Keynote Address at the Arms Control Association's Annual Meeting

Ladies and gentlemen – thank you very much, Daryl, for the kind and challenging introduction.  It is a pleasure to be here today with you, in particular – a man known across our community as an innovative thinker, not to mention a prolific writer and commentator.   You and your colleagues at the Arms Control Association do so much to keep the focus on the issues so important to everyone here, to hold our leaders accountable, to inspire creative thinking and to press for change. So, we are grateful for your leadership and for the unyielding dedication to global nuclear security.

I discovered recently, in another unrelated aspect of my life, I have come to know well a London-based business man who, it turns out—and this is entirely coincidental—is the grandson of Gerard C. Smith, the former Chair of the Board of the Arms Control Association.   It caused me to do a bit of research, and Gerard C. Smith’s contribution to disarmament and non-proliferation will be well-known to many in this room, particularly those who have been in this business for sixty years.  He was the Chief U.S. delegate to the Strategic Arms Limitation Talks in 1969 and the first U.S. Chairman of the Trilateral Commission, among many other achievements.   He had an extremely distinguished career in public service, and after 1980, when he resigned from the Government for the last time, he retained his interest in and was extremely active in disarmament, strongly opposing President Reagan’s Star Wars program and with George Kennan, McGeorge Bundy and Robert McNamara, I discovered, co-authored an article in Foreign Affairs calling on the US to declare a policy of “no first use” of nuclear weapons.  I mean, this is a snapshot of this man’s achievements, but his tenacity in maintaining the integrity of his arguments, even in unreceptive times, ought I think to be an example to us all in the challenging times that presently we are living through.  We must maintain our optimism and we must redouble our efforts. And as Larry Weiler mentioned, and I agree with this, we have been in tougher times – and in fact, some of you are young enough not to have lived through those tougher times, but they have existed.

It’s also a pleasure to speak with such an engaged and, dare I say, optimistic audience.  We know that the topics you are tackling at today’s annual meeting – from the Iranian Nuclear Puzzle to The Future of the Nonproliferation and Disarmament Regime – have long presented a significant challenge.  That challenge feels particularly acute today.  But we also know that none of us would be in this room if we weren’t determined to make progress on these vexing issues, and if we weren’t optimistic that progress is indeed possible.  

Optimism doesn’t mean we are naïve about the challenges ahead.  The truth is we are at a very precarious moment on a host of nuclear security fronts:

  • Prospects for the P-5 process and next year’s Nonproliferation Treaty Review Conference are not encouraging.   The incremental approach to disarmament, to the bargain that the recognized nuclear weapons states – the United States, the United Kingdom, Russia, China and France – struck over 45 years ago now, is so painfully slow that it too often feels as if we are moving backwards.  And it’s difficult to see a path forward when the five Nuclear Weapon States can’t agree on how to proceed, and the Non-Nuclear Weapon States are angry about the pace of progress toward disarmament.  This situation, in fact, is so bad that the upcoming 2015 NPT Review Conference has neither a convincing agenda nor a leader at this point.  In Geneva, in 2008 when I spoke at the Conference on Disarmament, as I think then the first-ever Defense Minister to do so and probably the only Defense Minister ever to do so, explaining how British policy on disarmament was then evolving, I said – and here I am quoting myself. I apologize for this, but it is intended to make a point rather than convince you of the words:  “As part of our global efforts, we also hope to engage with other P-5 states in other confidence-building on nuclear disarmament throughout this NPT Review Cycle.” This is the important part here: “The aim here is to promote greater trust and confidence as a catalyst in further reductions in nuclear warheads….” Our intention was to create a force for progressive dynamism, it appears that, inadvertently, we have created a cartel.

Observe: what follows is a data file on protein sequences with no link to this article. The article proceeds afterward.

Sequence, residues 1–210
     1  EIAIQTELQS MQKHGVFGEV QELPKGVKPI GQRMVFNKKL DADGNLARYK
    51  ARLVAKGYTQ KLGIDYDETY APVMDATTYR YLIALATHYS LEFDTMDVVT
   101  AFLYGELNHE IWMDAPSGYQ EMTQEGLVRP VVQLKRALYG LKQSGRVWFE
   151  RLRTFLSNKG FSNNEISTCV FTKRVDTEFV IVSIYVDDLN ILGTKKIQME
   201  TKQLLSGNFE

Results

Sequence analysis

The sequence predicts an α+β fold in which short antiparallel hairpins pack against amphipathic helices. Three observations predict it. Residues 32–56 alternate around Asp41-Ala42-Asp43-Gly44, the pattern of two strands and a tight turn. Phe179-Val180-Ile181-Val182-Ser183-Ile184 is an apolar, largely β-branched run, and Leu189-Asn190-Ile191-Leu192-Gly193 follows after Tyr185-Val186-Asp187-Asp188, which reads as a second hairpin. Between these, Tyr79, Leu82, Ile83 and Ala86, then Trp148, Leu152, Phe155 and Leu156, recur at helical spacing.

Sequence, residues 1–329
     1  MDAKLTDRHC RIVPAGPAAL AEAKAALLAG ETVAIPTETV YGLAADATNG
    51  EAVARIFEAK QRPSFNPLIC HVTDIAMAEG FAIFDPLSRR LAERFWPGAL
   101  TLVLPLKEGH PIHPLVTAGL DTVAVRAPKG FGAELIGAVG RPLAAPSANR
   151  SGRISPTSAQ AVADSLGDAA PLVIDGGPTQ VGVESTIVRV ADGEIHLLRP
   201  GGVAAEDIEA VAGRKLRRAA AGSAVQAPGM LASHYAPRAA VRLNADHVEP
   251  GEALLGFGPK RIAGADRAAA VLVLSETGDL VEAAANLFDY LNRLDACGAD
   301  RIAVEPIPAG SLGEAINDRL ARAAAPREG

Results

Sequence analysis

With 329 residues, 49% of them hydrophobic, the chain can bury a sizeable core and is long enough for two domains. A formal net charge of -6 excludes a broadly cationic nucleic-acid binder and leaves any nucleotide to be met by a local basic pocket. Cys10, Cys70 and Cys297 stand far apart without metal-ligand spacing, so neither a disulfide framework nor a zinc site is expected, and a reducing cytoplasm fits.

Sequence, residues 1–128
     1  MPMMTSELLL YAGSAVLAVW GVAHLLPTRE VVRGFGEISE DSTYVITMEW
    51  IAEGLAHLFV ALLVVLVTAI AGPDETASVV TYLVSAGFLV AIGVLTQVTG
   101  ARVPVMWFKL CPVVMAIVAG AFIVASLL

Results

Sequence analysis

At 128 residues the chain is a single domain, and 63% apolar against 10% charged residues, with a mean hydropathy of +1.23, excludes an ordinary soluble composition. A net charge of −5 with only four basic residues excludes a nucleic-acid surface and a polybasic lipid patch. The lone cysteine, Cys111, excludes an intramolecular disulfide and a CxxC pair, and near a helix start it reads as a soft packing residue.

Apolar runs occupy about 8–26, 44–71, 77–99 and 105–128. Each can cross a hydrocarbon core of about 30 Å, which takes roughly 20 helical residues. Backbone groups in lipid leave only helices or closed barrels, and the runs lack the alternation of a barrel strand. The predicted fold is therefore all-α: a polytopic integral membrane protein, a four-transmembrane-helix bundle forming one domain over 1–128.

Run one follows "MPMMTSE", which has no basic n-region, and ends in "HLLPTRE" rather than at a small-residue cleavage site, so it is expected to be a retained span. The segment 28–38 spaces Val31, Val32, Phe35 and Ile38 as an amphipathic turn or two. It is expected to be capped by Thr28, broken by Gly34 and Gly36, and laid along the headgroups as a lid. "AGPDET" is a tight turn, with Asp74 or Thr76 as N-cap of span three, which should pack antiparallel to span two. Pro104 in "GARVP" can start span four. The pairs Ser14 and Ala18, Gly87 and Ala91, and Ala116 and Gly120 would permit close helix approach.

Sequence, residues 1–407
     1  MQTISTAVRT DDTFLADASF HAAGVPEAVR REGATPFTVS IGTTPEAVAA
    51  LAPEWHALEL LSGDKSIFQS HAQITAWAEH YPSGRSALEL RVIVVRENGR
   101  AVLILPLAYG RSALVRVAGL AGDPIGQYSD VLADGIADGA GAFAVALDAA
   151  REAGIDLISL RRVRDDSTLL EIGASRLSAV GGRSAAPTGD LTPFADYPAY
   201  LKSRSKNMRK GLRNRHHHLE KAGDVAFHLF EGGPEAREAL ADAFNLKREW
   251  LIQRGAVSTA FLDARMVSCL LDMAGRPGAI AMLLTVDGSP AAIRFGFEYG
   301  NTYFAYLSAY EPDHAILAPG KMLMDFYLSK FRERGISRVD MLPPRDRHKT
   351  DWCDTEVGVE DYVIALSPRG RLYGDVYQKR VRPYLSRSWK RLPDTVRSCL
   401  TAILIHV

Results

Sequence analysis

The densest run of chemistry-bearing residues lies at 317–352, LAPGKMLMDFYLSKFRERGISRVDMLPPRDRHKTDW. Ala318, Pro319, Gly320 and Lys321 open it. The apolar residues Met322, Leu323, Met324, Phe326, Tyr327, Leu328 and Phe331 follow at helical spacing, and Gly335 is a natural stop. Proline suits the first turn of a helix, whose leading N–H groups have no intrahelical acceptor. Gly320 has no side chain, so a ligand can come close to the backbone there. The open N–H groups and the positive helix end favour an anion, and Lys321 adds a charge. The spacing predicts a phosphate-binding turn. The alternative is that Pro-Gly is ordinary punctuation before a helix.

• Meanwhile, we have states expanding their nuclear arsenals, surreptitiously seeking nuclear weapons under the guise of a civil energy program and detonating nuclear test devices in the face of international condemnation. Finding a productive course to take with respect to Iran and North Korea is a particularly difficult challenge.
  • We saw approval of the New START Treaty during President Obama’s first term – an important achievement that I am quite sure could not have been realized without the very hard work of many here – but prospects for talks on additional reductions are dim, at the very best.
  • The chilling effect of recent events in Ukraine is that our agenda today is in danger of being put into the deep freeze. Worse yet, the situation not only strains relations between Russia and the United States, it may serve – and is proving to do so for some – to boost the arguments of those who oppose reducing the role of nuclear weapons in NATO’s security construct.